Lyndsey Marston is the Director of MFT's Stewardship Program, and monitors MFT's farm easements in…
This is another story in our series about young dairy farmers in Maine. In many ways, dairy farms are the cornerstone of Maine’s farming community. Dairy farmers steward large tracts of farmland for feed and forage, while supporting the feed stores, equipment retailers, and large animal vets that all Maine farms rely upon. Of the 400,000 acres of farmland that will be in transition over the course of the next decade, we anticipate that a large percentage of that land is currently in dairy farming. What will happen to that land, and the infrastructure and communities it supports?
While farming in Maine is growing, Maine’s dairy industry has not seen the same growth. The younger generation who are choosing to be dairy farmers are few and far between, often deterred by low milk prices and high start-up costs. Those who have bucked the trend and have decided to become either first-generation dairy farmers or to continue their family’s farm, have an important role to play in ensuring that dairy farms remain the foundation of Maine’s farming landscape.
Conor and Alexis MacDonald own Bo Lait Farm, an organic dairy farm in Washington. Originally from New Hampshire and Maryland, respectively, the couple met four years ago in North Carolina where Conor was stationed in the Special Forces. Alexis happened to be visiting for a wedding, and the two hit it off. At the time, they had no idea they would one day start a dairy farm together, but now they can’t imagine it any other way.
Conor knew he wanted to do something different when he left the military, and “farming was always something I was drawn to,” said Conor, who grew up with a family milk cow, and whose relatives still farm in Nova Scotia. While neither Conor nor Alexis grew up on dairy farms, they both “really love cows, and love working with large animals so wanted to start a business doing just that.” Alexis says. “Dairy farming was the best fit for us. So many of our friends and family tell us they never would have thought we’d have become dairy farmers, but it seems to embody so many of the things that are important to us: animals, nature, hard work, community. It can be exhausting and maddening and frustrating at times, but it’s also empowering and rewarding.”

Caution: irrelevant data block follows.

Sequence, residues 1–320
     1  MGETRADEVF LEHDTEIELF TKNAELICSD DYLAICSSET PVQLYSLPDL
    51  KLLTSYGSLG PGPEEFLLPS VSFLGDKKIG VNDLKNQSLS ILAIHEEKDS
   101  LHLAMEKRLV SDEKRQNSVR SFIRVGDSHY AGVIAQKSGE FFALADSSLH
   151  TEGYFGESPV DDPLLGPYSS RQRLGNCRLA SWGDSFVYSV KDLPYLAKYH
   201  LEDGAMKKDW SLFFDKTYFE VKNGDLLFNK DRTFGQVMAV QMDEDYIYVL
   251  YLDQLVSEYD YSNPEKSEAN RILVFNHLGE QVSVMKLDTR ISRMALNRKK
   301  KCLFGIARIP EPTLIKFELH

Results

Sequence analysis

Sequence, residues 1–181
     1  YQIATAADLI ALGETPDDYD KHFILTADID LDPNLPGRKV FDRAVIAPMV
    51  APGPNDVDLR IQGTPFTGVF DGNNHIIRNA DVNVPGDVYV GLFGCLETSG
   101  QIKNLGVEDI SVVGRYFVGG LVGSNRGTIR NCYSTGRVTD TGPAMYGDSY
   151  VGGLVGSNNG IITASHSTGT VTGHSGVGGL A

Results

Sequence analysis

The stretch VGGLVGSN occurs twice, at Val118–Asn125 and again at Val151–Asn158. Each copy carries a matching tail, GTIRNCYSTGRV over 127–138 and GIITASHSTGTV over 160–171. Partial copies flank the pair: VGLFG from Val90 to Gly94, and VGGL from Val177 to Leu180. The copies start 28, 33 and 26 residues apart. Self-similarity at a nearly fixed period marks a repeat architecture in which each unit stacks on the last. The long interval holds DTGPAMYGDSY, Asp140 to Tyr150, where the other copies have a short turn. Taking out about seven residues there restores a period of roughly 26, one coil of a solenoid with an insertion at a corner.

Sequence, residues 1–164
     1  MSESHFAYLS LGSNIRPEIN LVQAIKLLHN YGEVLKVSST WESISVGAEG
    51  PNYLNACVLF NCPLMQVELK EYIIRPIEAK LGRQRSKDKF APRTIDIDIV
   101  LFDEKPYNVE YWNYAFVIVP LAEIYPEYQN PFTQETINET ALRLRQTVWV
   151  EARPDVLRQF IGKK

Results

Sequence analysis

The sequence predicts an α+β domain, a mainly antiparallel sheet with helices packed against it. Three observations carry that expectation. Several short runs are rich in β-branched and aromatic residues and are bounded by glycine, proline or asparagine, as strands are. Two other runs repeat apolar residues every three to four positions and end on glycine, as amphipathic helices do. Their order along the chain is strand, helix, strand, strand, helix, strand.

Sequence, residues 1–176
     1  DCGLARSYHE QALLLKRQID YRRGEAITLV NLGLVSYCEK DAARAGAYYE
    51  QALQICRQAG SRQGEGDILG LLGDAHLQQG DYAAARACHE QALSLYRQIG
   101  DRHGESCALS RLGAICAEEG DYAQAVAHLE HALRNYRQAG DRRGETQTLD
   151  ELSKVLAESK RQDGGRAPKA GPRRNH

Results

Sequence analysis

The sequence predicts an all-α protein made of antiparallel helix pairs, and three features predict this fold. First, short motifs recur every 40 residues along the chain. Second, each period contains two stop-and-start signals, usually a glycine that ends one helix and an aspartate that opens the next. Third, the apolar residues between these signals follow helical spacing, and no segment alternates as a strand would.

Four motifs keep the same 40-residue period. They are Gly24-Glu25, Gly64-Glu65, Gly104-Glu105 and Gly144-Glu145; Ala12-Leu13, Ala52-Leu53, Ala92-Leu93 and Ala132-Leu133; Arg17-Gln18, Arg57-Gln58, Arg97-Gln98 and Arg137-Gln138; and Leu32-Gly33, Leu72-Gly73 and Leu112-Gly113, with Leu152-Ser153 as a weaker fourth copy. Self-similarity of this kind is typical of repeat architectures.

The decision to move to Maine was also a natural choice as well. Here they found “access to affordable land, a growing number of young farmers to network and connect with, vast beauty…” said Conor. They worked with MFT when buying their farm to place an easement on the property, which made the farm more affordable. They are thrilled to have put down roots at Bo’Lait, which translates to “Cow Milk” and blends their respective ancestries (Bo’ is “cow” in Scottish Gaelic and “lait” is “milk” in French) to create a farm name that is both literal and unique.
While their decision to become dairy farmers was relatively easy, being dairy farmers is anything but. Without a background in dairy farming, their learning curve has been steep, and making it work is a constant challenge. “There’s so much to know when you’re running a farm. You’re a vet, plumber, carpenter, accountant, manager, electrician, mechanic… the list goes on. Most dairy farmers we know still claim to have only learned the tip of the iceberg, even with decades of experience under their belts. It’s no exaggeration to say we learn something new everyday, whether we want to or not.”
Luckily, Conor is no stranger to intense work, and feels uniquely equipped to take on the challenge. He says his experience in the Special Forces set the standard for the type of work ethic and drive necessary to start a farm from the ground up. “The biggest challenge is finding enough hours in the day to get things done,” said Conor. “Also prioritizing work and realizing that the biggest “fires” are the most important to put out first. Managing cash flow is also a big challenge on a dairy because the expenses are very high and the margins are small.”
Conor and Alexis sell their certified organic fluid milk to Organic Valley, a cooperative based in Wisconsin. “We were very lucky in that Organic Valley was looking to add new farms at the time we started, so we were able to sign our contract with them 6 months prior to our first shipment date.”
Right now they’re milking 38 of their 46 cows. “We’ve grown quite a bit over the last year and we think we’ll stay put at this herd size for a while. It feels manageable without being too crazy.” Their milk pool manager at Organic Valley has been a great resource for them as they’ve grown, and a great advocate as well.
The support network they’ve grown around them helps to temper the challenges running a dairy farm, and the MacDonalds are thankful for the many people that pitch in, in all kinds of ways: “Between our co-op, other local farmers, family, friends and our wonderful, PATIENT neighbors who come over with a smile when the heifers have gotten out again,” said Conor, “I don’t think we could ask for more.”